Toronto—Chemotherapy, including anthracycline and the targeted cancer medication trastuzumab, is commonly used to treat breast cancer. While lifesaving, these drugs also can trigger heart failure (HF) in some patients. 

A presentation at the recent American College of Cardiology’s Annual Scientific Session/World Congress of Cardiology (ACC.20/WCC) meeting suggests one of the most widely prescribed medications in the world could be protective. 

University of Toronto–led researchers looked at whether statins could help reduce heart damage from those breast cancer therapies, which are estimated to be used in nearly a fourth of women in early stage breast cancer.

“To date, there has been limited evidence supporting the safety and effectiveness of large-scale use of cardioprotective medications for patients with early stage breast cancer. Angiotensin antagonists and beta blockers have shown only modest cardioprotective effects in clinical trials, and these medicines are sometimes poorly tolerated in this population, given their side effects of fatigue and dizziness, which many patients already have from their cancer therapies or the cancer itself,” explained lead author David Bobrowski, medical student at the University of Toronto. “Our results suggest that taking statins is associated with a significantly lower risk of developing heart failure requiring hospital-based care among women with early stage breast cancer who received one of these cancer therapies.”

Over the median 5-year follow-up, researchers determined that, compared with women who were not on a statin before undergoing cancer treatment, women who were taking statins while receiving anthracyclines or trastuzumab had significantly lower risk of developing heart failure—58% and 66% respectively.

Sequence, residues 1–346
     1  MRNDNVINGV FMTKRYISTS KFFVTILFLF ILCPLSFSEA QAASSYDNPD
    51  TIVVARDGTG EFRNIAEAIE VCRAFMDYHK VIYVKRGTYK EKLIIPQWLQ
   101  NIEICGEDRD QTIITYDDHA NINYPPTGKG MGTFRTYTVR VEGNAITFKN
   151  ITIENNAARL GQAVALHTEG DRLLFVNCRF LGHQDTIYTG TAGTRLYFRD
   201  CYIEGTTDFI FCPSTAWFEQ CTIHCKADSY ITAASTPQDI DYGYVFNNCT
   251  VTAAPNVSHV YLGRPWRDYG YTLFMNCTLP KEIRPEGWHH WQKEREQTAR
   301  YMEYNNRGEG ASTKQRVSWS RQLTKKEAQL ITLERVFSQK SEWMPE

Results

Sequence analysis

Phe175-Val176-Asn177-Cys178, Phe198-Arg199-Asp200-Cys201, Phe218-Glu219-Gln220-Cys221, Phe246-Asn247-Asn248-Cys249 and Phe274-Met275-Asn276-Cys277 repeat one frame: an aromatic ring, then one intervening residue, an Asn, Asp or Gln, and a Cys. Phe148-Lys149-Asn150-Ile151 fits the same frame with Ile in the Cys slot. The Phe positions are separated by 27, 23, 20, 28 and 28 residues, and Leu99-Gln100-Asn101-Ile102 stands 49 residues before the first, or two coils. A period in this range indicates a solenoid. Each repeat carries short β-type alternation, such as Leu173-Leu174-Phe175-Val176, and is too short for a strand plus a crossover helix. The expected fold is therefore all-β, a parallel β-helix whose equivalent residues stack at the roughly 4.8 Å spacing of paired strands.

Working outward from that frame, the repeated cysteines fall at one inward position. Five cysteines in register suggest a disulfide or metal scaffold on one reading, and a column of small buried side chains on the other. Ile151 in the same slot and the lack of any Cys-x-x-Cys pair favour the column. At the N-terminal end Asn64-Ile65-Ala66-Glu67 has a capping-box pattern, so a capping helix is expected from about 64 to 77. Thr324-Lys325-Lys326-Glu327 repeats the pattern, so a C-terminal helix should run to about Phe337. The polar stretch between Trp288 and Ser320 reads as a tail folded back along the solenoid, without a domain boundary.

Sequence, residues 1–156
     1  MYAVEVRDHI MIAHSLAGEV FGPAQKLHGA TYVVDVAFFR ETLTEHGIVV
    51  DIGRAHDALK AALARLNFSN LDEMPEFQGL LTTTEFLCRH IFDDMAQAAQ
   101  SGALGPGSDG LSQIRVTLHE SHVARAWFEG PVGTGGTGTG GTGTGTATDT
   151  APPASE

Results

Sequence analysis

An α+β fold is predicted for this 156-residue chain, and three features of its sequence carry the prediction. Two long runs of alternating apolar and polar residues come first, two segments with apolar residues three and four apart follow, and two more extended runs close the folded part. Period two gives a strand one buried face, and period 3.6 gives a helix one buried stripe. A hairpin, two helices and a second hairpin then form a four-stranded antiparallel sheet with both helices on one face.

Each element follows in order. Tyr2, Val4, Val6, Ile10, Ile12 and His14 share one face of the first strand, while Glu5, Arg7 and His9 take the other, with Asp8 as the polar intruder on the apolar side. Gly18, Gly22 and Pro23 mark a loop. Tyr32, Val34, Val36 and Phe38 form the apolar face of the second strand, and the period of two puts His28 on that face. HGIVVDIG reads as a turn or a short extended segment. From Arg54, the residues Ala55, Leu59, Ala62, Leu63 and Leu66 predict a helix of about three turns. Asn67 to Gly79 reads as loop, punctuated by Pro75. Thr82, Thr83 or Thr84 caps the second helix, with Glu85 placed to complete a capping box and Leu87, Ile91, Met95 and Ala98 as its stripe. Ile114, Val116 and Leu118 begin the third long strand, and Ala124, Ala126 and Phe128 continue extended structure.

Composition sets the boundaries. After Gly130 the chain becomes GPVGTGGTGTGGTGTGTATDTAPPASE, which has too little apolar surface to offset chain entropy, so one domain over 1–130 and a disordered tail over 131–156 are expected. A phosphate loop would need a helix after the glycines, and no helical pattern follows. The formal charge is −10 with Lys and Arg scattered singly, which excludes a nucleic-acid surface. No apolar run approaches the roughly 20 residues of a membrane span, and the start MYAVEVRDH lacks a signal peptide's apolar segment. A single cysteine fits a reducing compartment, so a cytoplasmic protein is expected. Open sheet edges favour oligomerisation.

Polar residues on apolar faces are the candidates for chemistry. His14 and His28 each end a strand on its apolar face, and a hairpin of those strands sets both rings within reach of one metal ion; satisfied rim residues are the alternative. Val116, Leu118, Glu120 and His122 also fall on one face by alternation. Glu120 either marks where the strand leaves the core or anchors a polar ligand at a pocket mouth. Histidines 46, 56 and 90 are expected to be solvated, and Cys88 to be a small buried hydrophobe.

The study team conducted a population-based retrospective cohort study of women aged 66 years and older diagnosed with early stage breast cancer in Ontario from 2007to 2017. The focus in the linked-database study was on women who received anthracyclines or trastuzumab in the year after diagnosis as separate cohorts. 

Propensity scores (PS) were used to match statin-treated with unexposed women (1:1) in each cohort; trastuzumab-treated women were also matched on prior anthracycline use.

From 2,545 anthracycline-treated women and 1,345 trastuzumab-treated women, researchers matched 723 statin-discordant pairs of anthracycline-treated women (median age 69 years) and 399 pairs of trastuzumab-treated patients (median age 71 years). 

Results indicate that the risk of HF hospital visits in both cohorts was significantly lower with statin exposure, with the cause-specific hazard ratio being 0.42 (95% CI, 0.22-0.82) in the anthracycline cohort and 0.34 (95% CI, 0.14-0.82) in the trastuzumab cohort.

“Our research expands on earlier, smaller studies. If these associations are confirmed in a prospective trial, this will represent an important step forward to optimize cancer outcomes by decreasing the trade-off of long-term cardiac disease or related deaths,” Bobrowski said.

The study was touted as the largest to examine the how statins might protect against treatment-related heart failure.  

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